Add in PCIe Card for ProGrade CFexpress type B Dual Slot Reader

Mt Spokane Photography

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Mar 25, 2011
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I received my Prograde USB 3.2 Gen 2.0 Dual Slot Card Reader today. It comes with a USB 3 Type A connector as well as a USB C.

From what I've read, this is a 10 Gbps standard. There is also USB 3.2 Gen 2X2 which is 20 Gbps. I tried importing about 30 raw files into lightroom using a old USB 3.0 port with my V60 SD XC II card but was not impressed with its speed. I know Lightroom is not speedy for imports, so I may be limited by it rather than my reader or card.

I have a spare PCIe X16 slot in my PC.

What are the pros and cons of buying a add-in card, either a USB 3.2 Gen 2 or a USB 3.Gen2X2 card? My PC is getting up there in age and likely will be replaced this winter or maybe last another year. I don't foresee any 20Gbps uses for it, and a extra USB 3 port sounds nice. I could just continue to use a USB 3.0 port on my PC rather than fool around with drivers, etc for a new add-in card.

Here are a couple of cards that seem to demonstrate what I'm thinking.

USB 3.2 Gen2X2 (20 Gbps)



USB 3.2 Gen 2 (was USB 3.1 Gen 2) - 10Gbps

As far as I know, there are no cards that support power delivery thru the USB C port.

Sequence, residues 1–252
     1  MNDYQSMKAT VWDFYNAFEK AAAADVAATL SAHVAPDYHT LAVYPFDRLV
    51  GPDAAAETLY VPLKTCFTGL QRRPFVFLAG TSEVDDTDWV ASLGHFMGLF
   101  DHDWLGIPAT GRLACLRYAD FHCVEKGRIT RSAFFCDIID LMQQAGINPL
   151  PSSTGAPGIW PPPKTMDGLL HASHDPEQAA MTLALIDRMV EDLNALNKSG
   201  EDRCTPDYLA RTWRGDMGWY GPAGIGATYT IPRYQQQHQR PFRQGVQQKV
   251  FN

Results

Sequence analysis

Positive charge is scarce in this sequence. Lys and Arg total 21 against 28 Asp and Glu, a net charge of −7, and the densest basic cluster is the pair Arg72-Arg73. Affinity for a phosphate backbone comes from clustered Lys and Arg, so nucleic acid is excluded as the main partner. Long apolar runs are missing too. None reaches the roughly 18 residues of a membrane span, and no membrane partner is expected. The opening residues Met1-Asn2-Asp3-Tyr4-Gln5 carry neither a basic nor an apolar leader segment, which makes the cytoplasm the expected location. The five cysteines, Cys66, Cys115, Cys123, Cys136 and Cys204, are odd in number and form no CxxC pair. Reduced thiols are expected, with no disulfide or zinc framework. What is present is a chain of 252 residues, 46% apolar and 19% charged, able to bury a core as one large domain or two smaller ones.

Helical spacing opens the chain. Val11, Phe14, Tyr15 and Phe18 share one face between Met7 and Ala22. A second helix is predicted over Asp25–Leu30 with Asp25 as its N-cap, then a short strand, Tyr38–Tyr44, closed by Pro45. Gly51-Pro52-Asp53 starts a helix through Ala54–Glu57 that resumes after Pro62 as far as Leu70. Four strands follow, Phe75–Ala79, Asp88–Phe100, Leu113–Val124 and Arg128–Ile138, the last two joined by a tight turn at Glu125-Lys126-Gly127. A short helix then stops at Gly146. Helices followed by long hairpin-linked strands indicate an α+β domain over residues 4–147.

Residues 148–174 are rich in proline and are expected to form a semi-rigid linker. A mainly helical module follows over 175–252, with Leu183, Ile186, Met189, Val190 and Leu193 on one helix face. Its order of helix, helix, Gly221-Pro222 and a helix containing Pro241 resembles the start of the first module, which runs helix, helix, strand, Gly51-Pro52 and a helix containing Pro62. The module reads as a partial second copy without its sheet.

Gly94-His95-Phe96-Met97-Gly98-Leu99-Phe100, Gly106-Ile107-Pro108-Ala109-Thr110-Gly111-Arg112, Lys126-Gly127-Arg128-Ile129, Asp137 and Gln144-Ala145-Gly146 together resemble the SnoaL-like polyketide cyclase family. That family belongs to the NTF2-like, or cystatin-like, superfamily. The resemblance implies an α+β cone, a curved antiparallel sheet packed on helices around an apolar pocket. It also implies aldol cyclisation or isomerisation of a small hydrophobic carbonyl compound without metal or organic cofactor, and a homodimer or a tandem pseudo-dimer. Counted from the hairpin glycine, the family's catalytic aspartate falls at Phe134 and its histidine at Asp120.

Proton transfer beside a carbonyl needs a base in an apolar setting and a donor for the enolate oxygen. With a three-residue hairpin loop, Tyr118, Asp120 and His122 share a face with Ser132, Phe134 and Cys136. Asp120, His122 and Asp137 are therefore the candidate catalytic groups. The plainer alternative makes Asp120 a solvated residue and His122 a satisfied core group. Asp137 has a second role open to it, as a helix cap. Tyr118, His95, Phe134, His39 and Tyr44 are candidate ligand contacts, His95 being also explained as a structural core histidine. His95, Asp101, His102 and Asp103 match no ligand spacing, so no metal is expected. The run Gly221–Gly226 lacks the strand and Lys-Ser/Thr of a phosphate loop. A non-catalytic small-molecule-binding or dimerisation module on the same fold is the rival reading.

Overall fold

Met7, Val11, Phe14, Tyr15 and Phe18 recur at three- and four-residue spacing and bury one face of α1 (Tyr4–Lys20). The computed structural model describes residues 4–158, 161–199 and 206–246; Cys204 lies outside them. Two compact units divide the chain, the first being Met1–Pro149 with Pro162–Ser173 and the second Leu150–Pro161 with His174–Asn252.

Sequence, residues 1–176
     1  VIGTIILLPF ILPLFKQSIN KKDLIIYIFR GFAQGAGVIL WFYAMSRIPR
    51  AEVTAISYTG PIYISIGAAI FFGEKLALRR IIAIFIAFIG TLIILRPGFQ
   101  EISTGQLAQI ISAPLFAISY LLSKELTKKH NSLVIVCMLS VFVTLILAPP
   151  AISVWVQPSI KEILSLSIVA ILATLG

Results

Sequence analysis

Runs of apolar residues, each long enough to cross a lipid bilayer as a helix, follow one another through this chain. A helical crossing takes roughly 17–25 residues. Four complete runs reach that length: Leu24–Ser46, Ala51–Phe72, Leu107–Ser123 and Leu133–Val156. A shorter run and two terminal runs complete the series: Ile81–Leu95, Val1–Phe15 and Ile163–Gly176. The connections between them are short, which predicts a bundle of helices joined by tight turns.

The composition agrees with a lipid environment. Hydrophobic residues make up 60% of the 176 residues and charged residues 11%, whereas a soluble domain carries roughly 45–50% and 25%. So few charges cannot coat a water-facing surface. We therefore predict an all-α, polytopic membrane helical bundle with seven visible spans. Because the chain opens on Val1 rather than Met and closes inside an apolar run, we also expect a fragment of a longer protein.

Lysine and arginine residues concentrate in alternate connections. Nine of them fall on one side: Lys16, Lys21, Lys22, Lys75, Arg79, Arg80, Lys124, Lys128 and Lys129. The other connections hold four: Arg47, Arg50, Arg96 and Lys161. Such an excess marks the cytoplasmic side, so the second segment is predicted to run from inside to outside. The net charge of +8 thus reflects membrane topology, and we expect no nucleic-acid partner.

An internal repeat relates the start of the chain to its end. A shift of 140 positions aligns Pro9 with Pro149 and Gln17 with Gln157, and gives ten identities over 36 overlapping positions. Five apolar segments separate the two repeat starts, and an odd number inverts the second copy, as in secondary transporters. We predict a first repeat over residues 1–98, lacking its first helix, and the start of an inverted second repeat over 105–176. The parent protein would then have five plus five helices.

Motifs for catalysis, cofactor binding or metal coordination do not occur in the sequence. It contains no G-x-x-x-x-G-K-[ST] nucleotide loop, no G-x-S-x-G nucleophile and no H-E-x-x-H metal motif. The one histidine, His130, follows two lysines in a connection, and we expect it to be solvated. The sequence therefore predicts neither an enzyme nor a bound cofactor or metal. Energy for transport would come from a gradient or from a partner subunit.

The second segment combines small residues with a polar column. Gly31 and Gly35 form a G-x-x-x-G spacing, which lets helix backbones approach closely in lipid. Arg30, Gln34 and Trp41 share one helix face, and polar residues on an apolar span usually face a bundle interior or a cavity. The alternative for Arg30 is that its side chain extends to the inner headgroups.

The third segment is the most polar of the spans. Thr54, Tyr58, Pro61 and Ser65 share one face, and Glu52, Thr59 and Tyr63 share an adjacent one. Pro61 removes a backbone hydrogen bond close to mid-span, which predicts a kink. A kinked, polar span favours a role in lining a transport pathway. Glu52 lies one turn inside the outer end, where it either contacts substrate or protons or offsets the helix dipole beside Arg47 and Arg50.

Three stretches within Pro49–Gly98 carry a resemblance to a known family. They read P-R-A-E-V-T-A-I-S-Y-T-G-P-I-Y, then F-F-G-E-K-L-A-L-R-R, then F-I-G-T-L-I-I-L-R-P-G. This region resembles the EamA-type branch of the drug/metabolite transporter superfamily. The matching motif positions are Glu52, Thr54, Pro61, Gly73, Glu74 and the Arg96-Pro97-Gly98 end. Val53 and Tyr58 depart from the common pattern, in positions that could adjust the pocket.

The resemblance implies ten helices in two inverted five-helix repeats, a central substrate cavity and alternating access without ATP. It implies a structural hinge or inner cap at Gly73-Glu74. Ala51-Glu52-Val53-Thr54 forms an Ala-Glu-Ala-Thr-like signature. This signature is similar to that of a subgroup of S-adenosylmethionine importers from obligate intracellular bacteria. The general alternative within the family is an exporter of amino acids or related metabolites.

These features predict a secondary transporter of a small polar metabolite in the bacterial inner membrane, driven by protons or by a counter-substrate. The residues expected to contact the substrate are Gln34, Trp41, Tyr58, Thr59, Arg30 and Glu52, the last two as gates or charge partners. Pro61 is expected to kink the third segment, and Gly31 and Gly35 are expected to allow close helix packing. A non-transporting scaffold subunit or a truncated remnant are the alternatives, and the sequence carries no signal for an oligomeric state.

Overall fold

koenkooi

EOS 5D Mark IV
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Feb 25, 2015
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For the best speeds you can also get a pcie cfexpress reader. I didn’t do that since the back of my computer isn’t easily reachable :)
 

Codebunny

Elil
Sep 5, 2018
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You may want to look at a new computer that has TB3/USB4. It might not just be the USB 3.0 interface but the storage you are writing too. Does your PC have a PCIe/NVMe SSD that can write at or close to the speed of the CFExpress reader?

My 'super fast' SSD circa 5 years ago is topping off at 400MB/s write and a CFExpress card has a 1700MB/s read so it'll never dump quick enough onto that, I need to copy onto my newer PCIe drives or my MacBook Pro 2018.